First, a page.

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November 17, 2008

Notable new Sixth Circuit opinion on federal necessity/justification defense

Rather than talk about Dudley and Stevens again, I suggest we consider this new decision handed down Friday by the Sixth Circuit (after we discuss the amazing Unger case).  This new ruling deals with a modern attempt to invoke the defense of necessity in a federal prosecution.  The decision in US v. Billy Ed Kemp starts this way:

Kemp was arrested in May 2005 with a .32 caliber derringer pistol in his pocket.... Kemp was charged with being a felon in possession of a firearm that had traveled in interstate commerce, in violation of 18 U.S.C. § 922(g)(1). Kemp did not contest any of the elements of this offense at trial.

Kemp did not contest any of the elements of this offense at trial.... Kemp’s sole defense, instead, was that his possession of the gun was justified because he had taken it from an intoxicated friend who might harm herself or others.

November 17, 2008 in Course materials and schedule | Permalink

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I looked up some other cases, in addition to U.S. v. Singleton, 902 F.2d 471 (which was used for the Kemp decision).
U.S. v. Deleveaux, 205 F. 3d 1292, was affirmed that “1.) justification may be defense to charge of being a convicted felon in possession of a firearm; 2.) justification is an affirmative defense to charge under felon-in-possession statute, and does not negate any element of offense; and 3.) defendant had to prove justification by a preponderance of the evidence.” This defense can only be used in “extraordinary circumstances.” This case has different circumstances, though, as he USED the gun in response to threat of death or serious injury to himself or his family.
Here is another case that I found that was comparable to the Kemp one:
Bond V. Commonwealth (no reported S.E.2d, 1996 WL 742013) is a similar case from 1996 where Bond’s friend, Deloatch was intoxicated and so Bond took his friend’s gun. In this case the gun remained in a cabinet for two years, but Bond was still arrested for possession of a firearm after having been convicted of a felony. This case quoted State v. Crawford, 521 A.2d 1193 “that the law promotes the achievement of higher values at the expense of lower ones and that “sometimes the greater good for society will be accomplished by violating the literal language of the criminal law.’” Although Bond got off because the Commonwealth failed to prove that Bond constructively possessed the gun, I thought the quote was interesting. Maybe Kemp was helping the “greater good for society” by taking the gun from Pigg, even if he violated the literal language of the criminal law.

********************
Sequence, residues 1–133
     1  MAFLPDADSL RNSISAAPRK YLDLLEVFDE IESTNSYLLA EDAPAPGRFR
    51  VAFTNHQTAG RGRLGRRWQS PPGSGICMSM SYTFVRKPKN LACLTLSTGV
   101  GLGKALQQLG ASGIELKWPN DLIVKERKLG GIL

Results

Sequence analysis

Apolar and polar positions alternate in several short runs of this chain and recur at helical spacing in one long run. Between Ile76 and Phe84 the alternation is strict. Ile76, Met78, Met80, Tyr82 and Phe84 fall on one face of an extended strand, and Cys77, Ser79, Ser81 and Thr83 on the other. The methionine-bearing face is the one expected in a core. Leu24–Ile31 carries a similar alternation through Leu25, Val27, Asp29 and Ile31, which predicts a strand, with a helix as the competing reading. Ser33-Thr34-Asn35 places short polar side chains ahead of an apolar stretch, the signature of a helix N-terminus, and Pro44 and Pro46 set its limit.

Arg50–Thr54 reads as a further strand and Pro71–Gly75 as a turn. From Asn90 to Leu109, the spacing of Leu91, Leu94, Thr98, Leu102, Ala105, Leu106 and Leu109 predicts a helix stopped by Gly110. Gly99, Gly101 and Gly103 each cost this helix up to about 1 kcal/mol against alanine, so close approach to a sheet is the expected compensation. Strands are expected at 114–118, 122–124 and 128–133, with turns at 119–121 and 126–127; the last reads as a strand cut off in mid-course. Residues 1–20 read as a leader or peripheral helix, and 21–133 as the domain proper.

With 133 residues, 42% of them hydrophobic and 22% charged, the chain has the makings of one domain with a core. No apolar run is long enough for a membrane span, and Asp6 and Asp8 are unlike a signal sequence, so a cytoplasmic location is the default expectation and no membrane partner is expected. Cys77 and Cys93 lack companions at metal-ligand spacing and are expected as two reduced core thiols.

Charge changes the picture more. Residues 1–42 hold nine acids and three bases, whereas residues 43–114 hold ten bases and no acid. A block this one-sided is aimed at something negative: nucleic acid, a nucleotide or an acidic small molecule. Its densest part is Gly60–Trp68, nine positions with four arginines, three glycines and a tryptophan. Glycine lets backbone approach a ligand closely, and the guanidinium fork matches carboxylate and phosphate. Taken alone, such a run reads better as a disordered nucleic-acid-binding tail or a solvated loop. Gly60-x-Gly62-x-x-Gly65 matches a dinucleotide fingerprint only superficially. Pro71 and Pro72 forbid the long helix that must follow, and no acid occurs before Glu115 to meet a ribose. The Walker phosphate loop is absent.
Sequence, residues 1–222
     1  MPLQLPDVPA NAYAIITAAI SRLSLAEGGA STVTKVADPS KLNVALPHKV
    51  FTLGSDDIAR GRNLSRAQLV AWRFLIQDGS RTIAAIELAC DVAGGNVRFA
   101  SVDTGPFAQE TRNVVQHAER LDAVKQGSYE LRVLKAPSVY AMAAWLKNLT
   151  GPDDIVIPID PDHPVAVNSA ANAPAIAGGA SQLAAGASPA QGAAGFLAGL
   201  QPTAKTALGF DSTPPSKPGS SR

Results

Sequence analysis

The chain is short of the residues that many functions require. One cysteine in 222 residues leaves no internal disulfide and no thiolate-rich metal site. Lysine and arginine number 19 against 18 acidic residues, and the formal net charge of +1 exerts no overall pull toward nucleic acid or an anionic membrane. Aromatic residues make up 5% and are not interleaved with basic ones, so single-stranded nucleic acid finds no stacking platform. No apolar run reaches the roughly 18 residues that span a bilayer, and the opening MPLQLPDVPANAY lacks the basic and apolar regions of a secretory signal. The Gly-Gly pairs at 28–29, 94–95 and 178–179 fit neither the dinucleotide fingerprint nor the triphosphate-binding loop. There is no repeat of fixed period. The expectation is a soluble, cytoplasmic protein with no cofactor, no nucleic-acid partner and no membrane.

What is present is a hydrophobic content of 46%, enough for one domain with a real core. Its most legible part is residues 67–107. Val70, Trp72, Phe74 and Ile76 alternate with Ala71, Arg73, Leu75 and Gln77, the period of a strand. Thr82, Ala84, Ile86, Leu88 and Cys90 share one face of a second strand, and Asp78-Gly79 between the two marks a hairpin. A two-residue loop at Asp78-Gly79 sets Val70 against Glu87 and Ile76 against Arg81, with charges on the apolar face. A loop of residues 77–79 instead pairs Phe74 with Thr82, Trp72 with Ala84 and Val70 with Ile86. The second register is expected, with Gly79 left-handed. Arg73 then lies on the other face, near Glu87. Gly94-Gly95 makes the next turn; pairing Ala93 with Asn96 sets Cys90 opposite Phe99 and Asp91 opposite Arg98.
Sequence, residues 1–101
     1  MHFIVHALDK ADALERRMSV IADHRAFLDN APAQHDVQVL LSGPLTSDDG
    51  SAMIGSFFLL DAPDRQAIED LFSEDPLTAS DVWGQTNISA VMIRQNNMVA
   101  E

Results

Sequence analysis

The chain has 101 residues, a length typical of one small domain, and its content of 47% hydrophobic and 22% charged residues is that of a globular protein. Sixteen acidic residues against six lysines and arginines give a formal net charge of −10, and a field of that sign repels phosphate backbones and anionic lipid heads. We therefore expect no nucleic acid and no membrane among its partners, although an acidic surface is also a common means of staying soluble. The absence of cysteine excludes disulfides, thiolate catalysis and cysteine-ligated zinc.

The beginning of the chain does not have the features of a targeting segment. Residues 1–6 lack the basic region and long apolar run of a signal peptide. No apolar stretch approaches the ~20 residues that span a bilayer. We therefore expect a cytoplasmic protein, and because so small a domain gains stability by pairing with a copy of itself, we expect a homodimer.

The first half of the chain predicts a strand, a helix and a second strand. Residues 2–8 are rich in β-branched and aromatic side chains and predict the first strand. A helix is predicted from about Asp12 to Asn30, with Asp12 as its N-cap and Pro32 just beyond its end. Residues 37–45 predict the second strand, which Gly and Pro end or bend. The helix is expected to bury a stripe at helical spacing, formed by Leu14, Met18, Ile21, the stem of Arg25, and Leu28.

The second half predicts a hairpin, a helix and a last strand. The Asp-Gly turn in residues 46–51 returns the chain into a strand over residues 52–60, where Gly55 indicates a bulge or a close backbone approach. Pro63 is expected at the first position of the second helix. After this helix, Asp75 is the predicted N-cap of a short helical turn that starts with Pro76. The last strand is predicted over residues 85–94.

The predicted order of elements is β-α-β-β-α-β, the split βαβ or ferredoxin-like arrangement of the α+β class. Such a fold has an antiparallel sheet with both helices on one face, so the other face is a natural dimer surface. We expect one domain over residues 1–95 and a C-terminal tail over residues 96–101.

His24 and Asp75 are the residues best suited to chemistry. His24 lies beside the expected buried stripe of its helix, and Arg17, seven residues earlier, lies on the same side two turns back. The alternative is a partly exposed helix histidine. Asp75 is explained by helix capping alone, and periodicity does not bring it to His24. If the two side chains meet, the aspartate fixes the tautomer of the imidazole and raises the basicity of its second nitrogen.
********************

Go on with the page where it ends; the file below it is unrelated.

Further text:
In U.S. v. Beasley 346 F.3d 930, the court decided that a defendant is not entitled to a “reasonable period of time” to dispose of a firearm, even if he WAS justified in taking possession of it. U.S. v. Gomez, 92 F.3d 770, sited Singleton and Stover, that “a defendant who is justified in possessing the gun in the first place must nonetheless discard it as soon as he may safely do so”. In the Kemp case, the facts stated that he was pulled over “soon thereafter" (after he took the gun). So even if we could be convinced that Kemp was justified in breaking the law and taking the gun from his friend, how soon after would he have to get rid of it?

Posted by: Alexandra Wolfe | Nov 17, 2008 9:11:36 AM

I know we are not to coercion and duress yet but this case from yahoo provides an extreme example. It involves some sort of spiritual coercion, a corpse on a toilet, and demon attack.

http://news.yahoo.com/s/ap/20081118/ap_on_re_us/decaying_corpse

Posted by: Jake | Nov 17, 2008 10:35:35 PM

Man, Jake, now I want to join the Order of the Divine Will. Who wouldn't want to hide a corpse 'on a toilet'? I want to know how you go about propping up the corpse. I just picture a 'Weekend at Bernies' type of scenario, except in this case the body, of course, never leaves the bathroom. I bet God would've revived Ms. Middlesworth if those meddling authorities wouldn't have gotten involved. The demons probably tipped off the deputy to the whereabouts of the body.

Posted by: Josh | Nov 19, 2008 11:19:07 PM

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